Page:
YOU DIG IT. What was the hip-hop scene like in Boston during the late ‘90s, early 2000s? I think a lot of hip-hop in Boston that flourished in the late ‘90s was very independently driven, motivated to be heard on college radio and on an underground level. Pressing their own vinyl, being heard with singles and EPs, things like that. I think it was a real lash-back from what was popular and going on in New York back then, which was around the bad boy era, Puff Daddy and all the really glitzy, “jiggy,” music.

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It focused on a lot of creativity, there weren’t many rules. You would just put out records and hope the right DJs out there that were supporting authentic hip-hop would pick up on them.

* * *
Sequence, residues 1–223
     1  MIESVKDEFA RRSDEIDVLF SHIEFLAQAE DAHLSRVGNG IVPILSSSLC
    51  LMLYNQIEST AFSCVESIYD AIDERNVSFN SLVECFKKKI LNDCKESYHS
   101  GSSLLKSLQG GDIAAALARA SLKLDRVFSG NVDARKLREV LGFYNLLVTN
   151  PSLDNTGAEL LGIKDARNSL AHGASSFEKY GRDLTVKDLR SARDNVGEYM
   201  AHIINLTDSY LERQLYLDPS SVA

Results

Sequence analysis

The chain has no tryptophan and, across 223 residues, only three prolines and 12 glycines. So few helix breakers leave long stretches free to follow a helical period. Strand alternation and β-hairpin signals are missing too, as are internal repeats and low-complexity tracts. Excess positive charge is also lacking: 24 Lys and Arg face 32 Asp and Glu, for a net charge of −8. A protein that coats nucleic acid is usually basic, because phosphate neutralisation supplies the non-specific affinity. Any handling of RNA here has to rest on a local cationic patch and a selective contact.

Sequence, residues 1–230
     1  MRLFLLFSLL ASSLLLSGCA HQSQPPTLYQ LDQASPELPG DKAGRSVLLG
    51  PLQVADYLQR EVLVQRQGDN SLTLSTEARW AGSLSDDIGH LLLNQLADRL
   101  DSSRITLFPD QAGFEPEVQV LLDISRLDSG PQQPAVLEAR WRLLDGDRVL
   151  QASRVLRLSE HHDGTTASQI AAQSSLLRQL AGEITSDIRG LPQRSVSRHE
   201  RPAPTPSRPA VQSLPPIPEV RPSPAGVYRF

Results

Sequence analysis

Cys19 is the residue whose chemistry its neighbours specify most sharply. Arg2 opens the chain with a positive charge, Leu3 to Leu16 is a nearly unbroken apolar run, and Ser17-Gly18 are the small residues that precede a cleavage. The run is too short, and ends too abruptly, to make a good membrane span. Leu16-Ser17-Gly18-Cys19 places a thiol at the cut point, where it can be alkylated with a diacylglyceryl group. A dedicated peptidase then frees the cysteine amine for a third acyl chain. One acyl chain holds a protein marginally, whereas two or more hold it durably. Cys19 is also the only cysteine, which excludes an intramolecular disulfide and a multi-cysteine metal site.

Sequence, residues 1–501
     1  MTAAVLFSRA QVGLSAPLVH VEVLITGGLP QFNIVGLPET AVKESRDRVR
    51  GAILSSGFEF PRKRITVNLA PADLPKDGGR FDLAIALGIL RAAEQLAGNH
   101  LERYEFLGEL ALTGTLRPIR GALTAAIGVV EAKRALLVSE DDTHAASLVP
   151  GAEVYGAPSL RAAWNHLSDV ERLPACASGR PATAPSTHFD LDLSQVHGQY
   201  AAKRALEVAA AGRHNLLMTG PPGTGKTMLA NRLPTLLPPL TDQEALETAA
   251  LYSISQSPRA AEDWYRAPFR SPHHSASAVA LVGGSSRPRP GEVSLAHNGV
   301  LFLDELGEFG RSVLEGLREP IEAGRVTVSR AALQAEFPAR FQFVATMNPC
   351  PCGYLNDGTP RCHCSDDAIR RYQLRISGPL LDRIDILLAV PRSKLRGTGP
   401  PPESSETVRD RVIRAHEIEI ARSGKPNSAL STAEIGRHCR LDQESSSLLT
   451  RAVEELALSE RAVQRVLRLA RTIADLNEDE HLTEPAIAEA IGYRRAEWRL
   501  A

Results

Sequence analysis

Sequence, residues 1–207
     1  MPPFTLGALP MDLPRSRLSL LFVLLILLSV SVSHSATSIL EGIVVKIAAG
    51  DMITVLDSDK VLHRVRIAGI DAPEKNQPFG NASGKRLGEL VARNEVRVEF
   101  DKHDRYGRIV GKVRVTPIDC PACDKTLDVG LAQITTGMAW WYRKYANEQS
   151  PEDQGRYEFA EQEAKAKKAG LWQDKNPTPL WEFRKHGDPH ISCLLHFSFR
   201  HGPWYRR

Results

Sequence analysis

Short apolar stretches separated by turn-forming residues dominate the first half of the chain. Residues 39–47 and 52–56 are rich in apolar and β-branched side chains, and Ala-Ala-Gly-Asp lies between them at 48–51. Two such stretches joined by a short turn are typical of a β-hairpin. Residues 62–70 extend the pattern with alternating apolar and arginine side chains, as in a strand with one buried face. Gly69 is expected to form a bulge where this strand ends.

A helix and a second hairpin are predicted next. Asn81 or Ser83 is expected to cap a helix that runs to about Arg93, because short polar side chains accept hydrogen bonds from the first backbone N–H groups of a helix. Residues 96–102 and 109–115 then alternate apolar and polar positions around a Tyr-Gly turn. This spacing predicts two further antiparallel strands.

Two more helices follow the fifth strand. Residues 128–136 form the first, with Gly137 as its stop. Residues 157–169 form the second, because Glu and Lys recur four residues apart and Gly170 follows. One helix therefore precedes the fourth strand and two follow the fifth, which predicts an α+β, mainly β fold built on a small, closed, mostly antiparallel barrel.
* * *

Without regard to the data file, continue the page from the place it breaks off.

Where and when did you meet 7L? I actually met him at Salem State College. We were both going to school there. I was doing a radio show at Salem State and I would play all types of records from Gang Starr, Organized Confusion...a lot of East Coast hip-hop, and West Coast too. As long as it was lyrical and pushing the boundaries of provocative hip-hop, I would play it on the radio. I would usually get requests for whatever was popular at that time and it got kind of frustrating because there was so much more out there. Then this one kid would call with these off-the-wall requests for Ultramagnetic MCs and things like that, and we just started talking on the phone.